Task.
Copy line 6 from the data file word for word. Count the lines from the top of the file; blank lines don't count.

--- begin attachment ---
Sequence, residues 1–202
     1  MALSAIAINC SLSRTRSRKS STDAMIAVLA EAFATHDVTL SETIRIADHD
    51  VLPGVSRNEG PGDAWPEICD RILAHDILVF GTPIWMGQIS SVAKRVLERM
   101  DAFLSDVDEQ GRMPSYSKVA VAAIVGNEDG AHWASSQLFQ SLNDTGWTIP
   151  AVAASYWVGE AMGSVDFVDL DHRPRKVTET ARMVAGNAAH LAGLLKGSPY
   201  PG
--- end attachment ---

   201  PG